spirational examples and the incen-
(Continued on Page 7)
Ann Arbor Townsman
Killed In Auto Accident
JACKSON, Mich., April 25.-(P)-j
An automobile-truck collision on US-
12 east of here early today killed a
man tentatively identified as Mikel
Tompkins, 28 years old, of Ann Ar-
bor. He was riding with Frank Bar-,
ko, 29 years old, Ann Arbor, and1
State Police investigated to deter-t
mine which man drove the car. The
truck was driven by Robert M. Ford,1
35, of Jackson.

this growth has been in the rapid
rise of government technical depart-
ments, and today the government is
continuing to build its research staff.
"As these departments increase,
we will begin to get a greater tech-
nical nature to our government. When
we develop enough of these technical
divisions we will have a new type of
civilization, prosperity, and living.
"Hope Of Future"
"All this will come through ad-
vances in engineering. You engineers
are the white hope of the future."
One of the most challenging prob-
lemns before young engineers today,
Stout said, is to achieve technologi-
cal improvement in the field of hous-
ing. He called today's methods of
house-building "the same as those
of George Washington's time."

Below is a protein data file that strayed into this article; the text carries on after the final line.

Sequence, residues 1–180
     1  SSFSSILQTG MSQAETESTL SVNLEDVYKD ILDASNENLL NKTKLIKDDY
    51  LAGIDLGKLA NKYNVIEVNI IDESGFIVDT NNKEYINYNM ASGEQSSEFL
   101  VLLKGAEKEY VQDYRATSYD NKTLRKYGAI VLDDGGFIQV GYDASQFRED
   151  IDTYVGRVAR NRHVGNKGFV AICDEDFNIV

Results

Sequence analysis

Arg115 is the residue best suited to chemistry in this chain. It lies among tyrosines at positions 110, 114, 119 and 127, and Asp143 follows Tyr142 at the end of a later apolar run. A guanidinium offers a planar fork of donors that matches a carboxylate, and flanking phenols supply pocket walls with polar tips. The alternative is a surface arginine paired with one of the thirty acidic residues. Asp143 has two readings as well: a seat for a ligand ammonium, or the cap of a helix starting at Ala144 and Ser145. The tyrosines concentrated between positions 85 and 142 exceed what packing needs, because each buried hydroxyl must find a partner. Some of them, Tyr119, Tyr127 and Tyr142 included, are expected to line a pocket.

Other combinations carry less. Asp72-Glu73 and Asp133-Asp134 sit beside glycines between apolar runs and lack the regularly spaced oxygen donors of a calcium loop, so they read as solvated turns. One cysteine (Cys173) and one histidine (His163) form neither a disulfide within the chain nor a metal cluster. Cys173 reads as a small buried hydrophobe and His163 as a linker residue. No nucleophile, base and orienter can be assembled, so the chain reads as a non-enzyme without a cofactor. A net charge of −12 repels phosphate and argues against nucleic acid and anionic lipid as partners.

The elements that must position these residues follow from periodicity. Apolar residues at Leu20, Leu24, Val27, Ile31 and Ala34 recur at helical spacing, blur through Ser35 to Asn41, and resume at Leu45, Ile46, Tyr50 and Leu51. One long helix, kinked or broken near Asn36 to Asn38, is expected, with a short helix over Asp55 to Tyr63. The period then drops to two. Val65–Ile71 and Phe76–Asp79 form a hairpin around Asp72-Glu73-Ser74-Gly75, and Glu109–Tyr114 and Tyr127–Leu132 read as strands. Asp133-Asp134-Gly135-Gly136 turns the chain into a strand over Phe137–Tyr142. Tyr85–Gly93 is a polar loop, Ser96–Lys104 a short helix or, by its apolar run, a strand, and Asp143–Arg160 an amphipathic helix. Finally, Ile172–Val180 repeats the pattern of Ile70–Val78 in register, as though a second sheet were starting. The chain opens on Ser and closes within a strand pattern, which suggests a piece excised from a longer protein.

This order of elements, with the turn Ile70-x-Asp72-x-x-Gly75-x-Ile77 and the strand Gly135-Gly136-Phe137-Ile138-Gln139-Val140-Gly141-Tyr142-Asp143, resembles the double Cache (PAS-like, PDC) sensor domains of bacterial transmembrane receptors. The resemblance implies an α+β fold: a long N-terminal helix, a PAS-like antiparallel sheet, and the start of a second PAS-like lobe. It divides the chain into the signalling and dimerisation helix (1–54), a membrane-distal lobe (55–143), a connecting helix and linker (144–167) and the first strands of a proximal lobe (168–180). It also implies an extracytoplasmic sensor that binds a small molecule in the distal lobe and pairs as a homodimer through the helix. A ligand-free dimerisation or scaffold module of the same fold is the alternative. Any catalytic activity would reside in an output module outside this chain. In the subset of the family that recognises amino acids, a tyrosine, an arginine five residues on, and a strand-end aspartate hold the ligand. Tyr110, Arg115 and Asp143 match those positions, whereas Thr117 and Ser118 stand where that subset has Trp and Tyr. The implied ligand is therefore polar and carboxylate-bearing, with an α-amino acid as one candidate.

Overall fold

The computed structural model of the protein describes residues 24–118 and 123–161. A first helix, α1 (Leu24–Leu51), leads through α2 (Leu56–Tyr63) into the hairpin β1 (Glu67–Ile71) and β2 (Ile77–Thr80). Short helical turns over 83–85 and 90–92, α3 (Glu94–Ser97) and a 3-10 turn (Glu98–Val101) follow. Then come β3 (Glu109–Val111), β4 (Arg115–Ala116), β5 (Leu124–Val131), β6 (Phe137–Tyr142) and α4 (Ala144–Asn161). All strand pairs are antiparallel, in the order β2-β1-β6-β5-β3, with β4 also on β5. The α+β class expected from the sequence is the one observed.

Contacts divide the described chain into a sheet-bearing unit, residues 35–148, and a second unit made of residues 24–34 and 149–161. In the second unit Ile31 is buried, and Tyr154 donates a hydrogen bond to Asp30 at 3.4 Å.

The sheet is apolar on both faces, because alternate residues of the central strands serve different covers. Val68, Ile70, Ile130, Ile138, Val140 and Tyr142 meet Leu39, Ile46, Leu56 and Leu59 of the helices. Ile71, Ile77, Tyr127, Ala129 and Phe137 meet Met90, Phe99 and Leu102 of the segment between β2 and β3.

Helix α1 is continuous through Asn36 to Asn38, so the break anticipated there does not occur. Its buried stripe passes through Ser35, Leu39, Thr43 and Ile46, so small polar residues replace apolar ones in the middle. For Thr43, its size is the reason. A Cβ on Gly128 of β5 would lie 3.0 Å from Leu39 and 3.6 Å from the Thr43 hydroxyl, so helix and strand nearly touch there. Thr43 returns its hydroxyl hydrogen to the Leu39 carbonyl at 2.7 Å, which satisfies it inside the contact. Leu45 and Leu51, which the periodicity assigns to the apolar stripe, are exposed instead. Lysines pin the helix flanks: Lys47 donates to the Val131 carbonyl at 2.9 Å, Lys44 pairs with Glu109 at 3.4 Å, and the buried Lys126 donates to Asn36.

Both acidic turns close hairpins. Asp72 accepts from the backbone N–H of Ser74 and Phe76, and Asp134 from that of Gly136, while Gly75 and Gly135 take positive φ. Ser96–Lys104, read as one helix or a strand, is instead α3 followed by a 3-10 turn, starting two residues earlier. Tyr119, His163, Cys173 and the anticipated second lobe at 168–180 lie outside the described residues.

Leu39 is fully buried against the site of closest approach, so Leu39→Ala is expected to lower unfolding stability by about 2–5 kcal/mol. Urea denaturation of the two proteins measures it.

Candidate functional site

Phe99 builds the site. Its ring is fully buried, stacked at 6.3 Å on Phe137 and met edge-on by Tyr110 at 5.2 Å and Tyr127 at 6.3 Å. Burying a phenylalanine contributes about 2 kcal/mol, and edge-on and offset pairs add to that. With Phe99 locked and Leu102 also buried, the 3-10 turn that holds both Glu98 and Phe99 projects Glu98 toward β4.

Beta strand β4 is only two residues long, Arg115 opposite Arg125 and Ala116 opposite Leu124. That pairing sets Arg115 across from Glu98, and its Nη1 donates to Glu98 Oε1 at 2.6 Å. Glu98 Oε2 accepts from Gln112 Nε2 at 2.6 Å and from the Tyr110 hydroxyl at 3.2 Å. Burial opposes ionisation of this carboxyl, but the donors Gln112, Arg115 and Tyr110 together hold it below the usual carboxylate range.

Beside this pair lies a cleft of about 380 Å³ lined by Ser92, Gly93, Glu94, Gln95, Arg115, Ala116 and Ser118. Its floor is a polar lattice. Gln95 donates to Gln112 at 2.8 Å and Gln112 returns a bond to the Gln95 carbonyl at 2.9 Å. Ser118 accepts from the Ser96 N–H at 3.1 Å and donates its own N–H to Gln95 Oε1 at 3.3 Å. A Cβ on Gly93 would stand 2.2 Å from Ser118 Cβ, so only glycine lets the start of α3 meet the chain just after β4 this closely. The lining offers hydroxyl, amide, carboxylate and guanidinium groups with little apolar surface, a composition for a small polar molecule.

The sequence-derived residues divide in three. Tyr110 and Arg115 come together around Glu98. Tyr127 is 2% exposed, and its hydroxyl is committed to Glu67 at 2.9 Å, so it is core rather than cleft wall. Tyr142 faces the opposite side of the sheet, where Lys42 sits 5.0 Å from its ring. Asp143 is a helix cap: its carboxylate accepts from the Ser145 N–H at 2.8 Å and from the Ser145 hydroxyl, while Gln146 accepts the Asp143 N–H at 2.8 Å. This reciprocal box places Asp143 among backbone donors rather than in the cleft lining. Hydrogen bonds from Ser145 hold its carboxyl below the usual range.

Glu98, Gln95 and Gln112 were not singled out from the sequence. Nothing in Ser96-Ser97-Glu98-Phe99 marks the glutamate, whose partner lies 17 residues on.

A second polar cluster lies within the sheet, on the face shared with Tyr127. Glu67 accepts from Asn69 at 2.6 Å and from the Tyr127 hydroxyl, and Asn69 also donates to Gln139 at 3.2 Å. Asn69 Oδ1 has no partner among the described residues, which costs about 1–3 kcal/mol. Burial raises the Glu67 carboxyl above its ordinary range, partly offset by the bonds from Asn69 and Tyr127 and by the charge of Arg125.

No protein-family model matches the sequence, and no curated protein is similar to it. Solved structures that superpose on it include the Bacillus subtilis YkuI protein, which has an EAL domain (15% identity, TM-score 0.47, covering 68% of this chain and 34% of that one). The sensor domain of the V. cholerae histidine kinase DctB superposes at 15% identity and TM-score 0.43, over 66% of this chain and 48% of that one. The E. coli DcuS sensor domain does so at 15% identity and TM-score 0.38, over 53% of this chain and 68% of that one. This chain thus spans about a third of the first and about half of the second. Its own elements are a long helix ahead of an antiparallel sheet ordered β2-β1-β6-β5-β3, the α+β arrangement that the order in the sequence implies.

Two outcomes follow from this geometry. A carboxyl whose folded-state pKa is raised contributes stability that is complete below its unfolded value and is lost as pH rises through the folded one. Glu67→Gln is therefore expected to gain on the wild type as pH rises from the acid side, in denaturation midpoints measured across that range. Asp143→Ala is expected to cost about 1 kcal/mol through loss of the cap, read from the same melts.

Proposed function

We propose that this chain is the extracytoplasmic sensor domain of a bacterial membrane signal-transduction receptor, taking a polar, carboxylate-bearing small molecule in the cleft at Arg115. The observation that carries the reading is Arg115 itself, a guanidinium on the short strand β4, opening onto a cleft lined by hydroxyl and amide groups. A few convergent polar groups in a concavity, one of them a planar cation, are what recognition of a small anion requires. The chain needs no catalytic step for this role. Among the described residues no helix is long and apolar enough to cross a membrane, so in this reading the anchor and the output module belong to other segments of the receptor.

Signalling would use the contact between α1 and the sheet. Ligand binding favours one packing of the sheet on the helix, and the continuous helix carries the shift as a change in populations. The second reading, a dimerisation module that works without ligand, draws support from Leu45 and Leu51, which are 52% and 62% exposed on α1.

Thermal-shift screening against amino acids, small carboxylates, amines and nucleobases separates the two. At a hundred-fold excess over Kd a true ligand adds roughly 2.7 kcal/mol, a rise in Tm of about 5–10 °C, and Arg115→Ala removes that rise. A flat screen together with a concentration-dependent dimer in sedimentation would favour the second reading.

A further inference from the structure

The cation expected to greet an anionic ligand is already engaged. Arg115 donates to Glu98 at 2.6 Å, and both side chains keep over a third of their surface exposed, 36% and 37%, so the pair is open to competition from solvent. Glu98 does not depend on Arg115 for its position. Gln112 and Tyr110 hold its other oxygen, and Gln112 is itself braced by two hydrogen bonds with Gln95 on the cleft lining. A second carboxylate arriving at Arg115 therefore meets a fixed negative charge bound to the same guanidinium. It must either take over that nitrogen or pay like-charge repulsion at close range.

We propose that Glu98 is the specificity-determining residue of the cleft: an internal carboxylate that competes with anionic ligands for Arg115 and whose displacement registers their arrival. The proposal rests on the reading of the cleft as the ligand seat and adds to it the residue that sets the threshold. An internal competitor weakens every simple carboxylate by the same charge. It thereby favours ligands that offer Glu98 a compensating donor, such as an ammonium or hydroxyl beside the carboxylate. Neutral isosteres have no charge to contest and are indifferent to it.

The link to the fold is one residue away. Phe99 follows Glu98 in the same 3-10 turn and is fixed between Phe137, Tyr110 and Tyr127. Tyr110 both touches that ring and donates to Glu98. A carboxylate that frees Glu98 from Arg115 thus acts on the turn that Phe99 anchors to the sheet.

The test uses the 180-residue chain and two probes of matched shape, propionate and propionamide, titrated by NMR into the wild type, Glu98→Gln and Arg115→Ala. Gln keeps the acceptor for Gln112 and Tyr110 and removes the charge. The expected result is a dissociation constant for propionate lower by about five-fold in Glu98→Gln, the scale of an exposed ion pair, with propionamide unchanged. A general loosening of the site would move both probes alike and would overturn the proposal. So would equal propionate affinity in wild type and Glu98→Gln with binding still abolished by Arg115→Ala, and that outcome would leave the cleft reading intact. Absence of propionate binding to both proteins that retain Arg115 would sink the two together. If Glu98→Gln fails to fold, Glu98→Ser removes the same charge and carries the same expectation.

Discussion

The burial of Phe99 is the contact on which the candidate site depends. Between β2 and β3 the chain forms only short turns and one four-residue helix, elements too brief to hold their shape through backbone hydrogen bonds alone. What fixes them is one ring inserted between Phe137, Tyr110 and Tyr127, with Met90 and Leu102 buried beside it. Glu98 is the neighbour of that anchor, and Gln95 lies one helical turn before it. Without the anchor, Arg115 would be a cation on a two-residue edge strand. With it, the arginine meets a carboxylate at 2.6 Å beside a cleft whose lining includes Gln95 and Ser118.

* * *
The loudest reception of the eve-
ning was given to Dean-Emeritus
Mortimer E. Cooley, who took
a place at the head table beside the
honored guests. Dean Cooley spoke
briefly; said that he regretted his in-
ability to appear in public more often,
because he "always had a good time."
He explained, "A good time does my
health more harm than a good
drunk."
* * * .
President Ruthven introduced Dr.
Crawford with the tribute that he
had been selected because the Board
of Regents wanted a man who would
carry on in the "Michigan tradition."
* * *
A. D. Moore, the engineering col-
lege's addition to the world of jug-
gling, found his act hampered by
poor lighting.
* * *
John V. Sobesky, '41, received first
prize, a radio, for his entry in the
college essay contest, "My Interpre-
tation of the Honor System". Second
honors went to James R. Davidson,
'40.
Toastmaster for the banquet was
J. Anderson Ashburn, '40. First re-